BelTA Special Project
From First Mention Till Present Days
MINSK Turns 950!
Minsk is a political, economic, scientific and cultural center of Belarus. The city is located near the geographical center of Belarus. Its area is 348,850 square kilometers. The population is 1,966,300 (as of September 2016), or 20% of the country's total population.

Founded as a fortress of the Principality of Polotsk, Minsk was the center of an apanage principality and a voivodeship, a gubernatorial city and is now the capital of a 10-million nation. During its centuries-old history, Minsk has been burned to ashes many times, but it would always rise, grow and flourish.

There is a legend that Minsk was founded by the glorious bogatyr nicknamed Menesk who settled near the bridge across the Svisloch River. Menesk built an impressive stone mill on seven wheels on the Svisloch. He milled flour not from grain but from huge boulders. At midnight, Menesk, riding on its mill, traveled across villages recruiting strong and courageous people who later formed a nation that settled near the mill. This is how the city of Mensk named after bogatyr Menesk was founded.

The fact-based history of Minsk (Men'sk, Menesk, Minesk) starts with the first mention in the historical chronicle, the Tale of Bygone Years, in connection with the bloody battle on the Nemiga River on 3 March 1067.
According to archaeological data, Minsk dates back to the early 10th century.

Most probably, Mensk was founded by Prince Vseslav of Polotsk (also known as Vseslav the Sorcerer). He ordered to build a fortress at the confluence of the Nemiga and Svisloch rivers in the 11th century.

Minsk Castle was founded in the 11th century as a fortress on the southern borders of the Principality of Polotsk.
In the early 12th century, Mensk was the center of an apanage principality. The first prince of Mensk was Gleb, a son of Vseslav of Polotsk, the progenitor of the princely Glebovich dynasty which ruled the Principality of Minsk for two centuries.
Minsk knew no peace throughout the 12th century as it was constantly engaged in internecine wars passing from one owner to another. Despite the frequent wars, Minsk became one of the largest centers of the former Principality of Polotsk. The advantageous geographical position contributed to the transformation of Minsk into a large trade and craft center.
In the 14th century, the Principality of Minsk became part of the Grand Duchy of Lithuania.

In March 1499, Minsk received Magdeburg rights as a self-governing town.

In 1505, Mehmed I Giray, a khan of the Crimean Khanate, brought his large army to the Belarusian and Lithuanian lands. Minsk was ransacked and burnt down, but the castle withstood the attack. The Tatars left Minsk taking the loot with them and infecting the locals with the plague that caused much misery and suffering.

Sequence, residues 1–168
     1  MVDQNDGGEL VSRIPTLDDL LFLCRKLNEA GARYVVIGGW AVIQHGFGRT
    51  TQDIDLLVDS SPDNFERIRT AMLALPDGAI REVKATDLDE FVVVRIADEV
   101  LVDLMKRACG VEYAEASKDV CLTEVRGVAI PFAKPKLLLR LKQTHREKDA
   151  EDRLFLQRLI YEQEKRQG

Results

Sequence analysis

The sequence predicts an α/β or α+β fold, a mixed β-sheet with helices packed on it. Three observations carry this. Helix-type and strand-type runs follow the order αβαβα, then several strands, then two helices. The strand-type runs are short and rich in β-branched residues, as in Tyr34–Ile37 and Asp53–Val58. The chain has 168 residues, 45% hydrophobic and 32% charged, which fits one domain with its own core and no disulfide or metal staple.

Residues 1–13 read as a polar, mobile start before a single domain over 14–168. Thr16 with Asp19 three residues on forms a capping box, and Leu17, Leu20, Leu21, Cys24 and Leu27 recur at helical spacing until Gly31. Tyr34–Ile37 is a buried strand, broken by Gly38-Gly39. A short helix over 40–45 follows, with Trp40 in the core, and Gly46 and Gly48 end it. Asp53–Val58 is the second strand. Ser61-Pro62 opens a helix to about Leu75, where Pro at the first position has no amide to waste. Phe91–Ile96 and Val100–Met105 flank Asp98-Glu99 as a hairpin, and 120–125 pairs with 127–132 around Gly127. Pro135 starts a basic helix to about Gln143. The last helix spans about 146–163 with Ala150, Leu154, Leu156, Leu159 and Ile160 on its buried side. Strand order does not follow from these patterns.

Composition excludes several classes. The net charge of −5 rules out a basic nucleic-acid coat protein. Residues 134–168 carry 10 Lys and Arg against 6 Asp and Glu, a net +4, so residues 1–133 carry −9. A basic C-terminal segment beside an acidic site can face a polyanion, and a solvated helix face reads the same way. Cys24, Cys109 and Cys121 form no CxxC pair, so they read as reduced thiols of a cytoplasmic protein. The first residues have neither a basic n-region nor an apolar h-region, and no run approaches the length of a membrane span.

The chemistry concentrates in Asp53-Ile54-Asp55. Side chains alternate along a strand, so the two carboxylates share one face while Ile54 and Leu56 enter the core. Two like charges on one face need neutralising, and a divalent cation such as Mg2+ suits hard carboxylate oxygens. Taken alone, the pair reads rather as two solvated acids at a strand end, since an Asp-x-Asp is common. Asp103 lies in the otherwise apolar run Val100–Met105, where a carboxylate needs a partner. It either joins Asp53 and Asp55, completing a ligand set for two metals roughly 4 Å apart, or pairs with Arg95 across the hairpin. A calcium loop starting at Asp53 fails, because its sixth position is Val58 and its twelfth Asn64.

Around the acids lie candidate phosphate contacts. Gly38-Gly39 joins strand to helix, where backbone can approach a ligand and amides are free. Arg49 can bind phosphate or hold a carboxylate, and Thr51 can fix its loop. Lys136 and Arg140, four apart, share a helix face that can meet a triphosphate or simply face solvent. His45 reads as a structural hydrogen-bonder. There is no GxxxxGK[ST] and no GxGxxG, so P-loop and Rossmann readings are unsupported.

Town Hall in Sobornaya Square. Built in the early 16th century
In 1591, Minsk received its coat of arms, a light blue Baroque-style shield depicting Virgin Mary between two angels and cherubs.

The start of the 17th century was quite successful for Minsk. Its landscape changed, the social and cultural life became more diverse. Church brotherhoods began to spring up in Minsk at the end of the 16th century. The first Jewish community with a kahal, a Jewish community council, was formed. The first Tatar mosque was built around the same time. The Uniate Church and the Roman Catholic Church had a particularly strong influence on the life of Minsk.

However, different times were looming – the Russian-Polish war (1654-1667). After the war, the population of Minsk was reduced to about 2,000 people, which made up about 10% of the pre-war population.
In 1700, another war broke out. The Belarusian lands became the arena of clashes between the Swedish, Russian and Saxon armies. In 1708, Minsk suffered from another outbreak of the plague and a big fire.

Despite a sharp depopulation, wars and economic decline the city continued developing. In 1717, a permanent postal service was set up to connect Minsk and the biggest towns of the country.

From 1793,
Minsk was part of the Russian Empire, the center of vicegerency. In 1796, it became the center of the Minsk Governorate. In the late 18th century there were 6,000 residents and 1,000 houses in Minsk.

On 16 June 1812 Napoleon started the invasion of the Russian Empire. On 26 June, Minsk was occupied by the French troops. The town became a center of the department of the Grand Duchy of Lithuania reestablished by Napoleon.